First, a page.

The law seeks to prevent the development of a cultural discourse around the Nakba and to inhibit intellectual challenges to the constitutional definition of the State of Israel. Because of the Nakba Law’s broad and vague formulation, particularly regarding the conditions for revoking funding, such as “desecrating state symbols”, the law has a significant chilling effect on the operations of entities receiving state funds. Many institutions engage in self-censorship to avoid risking financial sanctions. The law acts as a deterrent to activities that may fall within its compass and result in budgetary sanctions. Potential recipients of services of such affected organizations will therefore also be negatively affected by the chilling effect of the law.

The provisions of the law violate the right to education. Palestinian educational institutions and schools that fall under the definition of an entity whose funding can be revoked under the law will be prevented from incorporating discussions on Palestinian history and identity, with the Nakba as a central event. This exacerbates the pre-existing discrimination in the state curriculum between Palestinian and Jewish schools, as recognized by Human Rights Watch, which noted that "the overarching aims of education remain based on the transmission of Jewish values and culture, and Zionist thought. This type of education may be appropriate for Jewish children, but it is inappropriate for children belonging to the Palestinian Arab minority within Israel." It also violates the rights of Palestinian parents who wish for their children to learn about Palestinian history and collective identity, by denying them the freedom to choose an educational institution that aligns with their views and educational approach. Additionally, it infringes upon the right to freedom of expression of those who engage in critical examination of the character of Israel as a Jewish state within the framework of their work.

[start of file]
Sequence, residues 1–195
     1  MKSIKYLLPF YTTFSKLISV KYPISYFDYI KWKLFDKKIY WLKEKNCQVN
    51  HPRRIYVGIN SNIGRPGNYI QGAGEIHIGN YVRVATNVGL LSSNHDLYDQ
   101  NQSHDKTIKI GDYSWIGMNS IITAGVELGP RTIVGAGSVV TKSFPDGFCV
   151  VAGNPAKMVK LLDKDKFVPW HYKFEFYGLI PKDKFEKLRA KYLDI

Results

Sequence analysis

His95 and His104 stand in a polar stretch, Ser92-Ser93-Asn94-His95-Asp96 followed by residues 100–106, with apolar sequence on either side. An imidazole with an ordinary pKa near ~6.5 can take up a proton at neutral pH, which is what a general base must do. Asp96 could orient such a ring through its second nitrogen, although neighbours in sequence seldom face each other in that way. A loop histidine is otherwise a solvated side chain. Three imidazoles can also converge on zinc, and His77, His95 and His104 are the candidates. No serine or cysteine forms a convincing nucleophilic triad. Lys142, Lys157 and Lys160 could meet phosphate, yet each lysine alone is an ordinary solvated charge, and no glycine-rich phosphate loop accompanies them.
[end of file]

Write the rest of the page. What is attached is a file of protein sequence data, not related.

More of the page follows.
This law stifles legitimate opposition and protest against the State of Israel as a Jewish and democratic state. The law therefore undermines the legitimacy and status of Palestinian citizens, their collective memory, and their national identity. The law seeks to shape the values, views, and even the behavior of Palestinians through the use of budget allocations that are conditioned upon the nature of an activity and its political and moral content.

Legal challenges to law:

●      Petition HCJ 3429/11, Alumni Association of the Arab Orthodox School in Haifa et al. v. Minister of Finance and Knesset: English (excerpts); Hebrew. Adalah submitted a joint petition with ACRI, representing parents of Jewish and Palestinian children and an alumni association, arguing that the ‘Nakba Law’ is unconstitutional.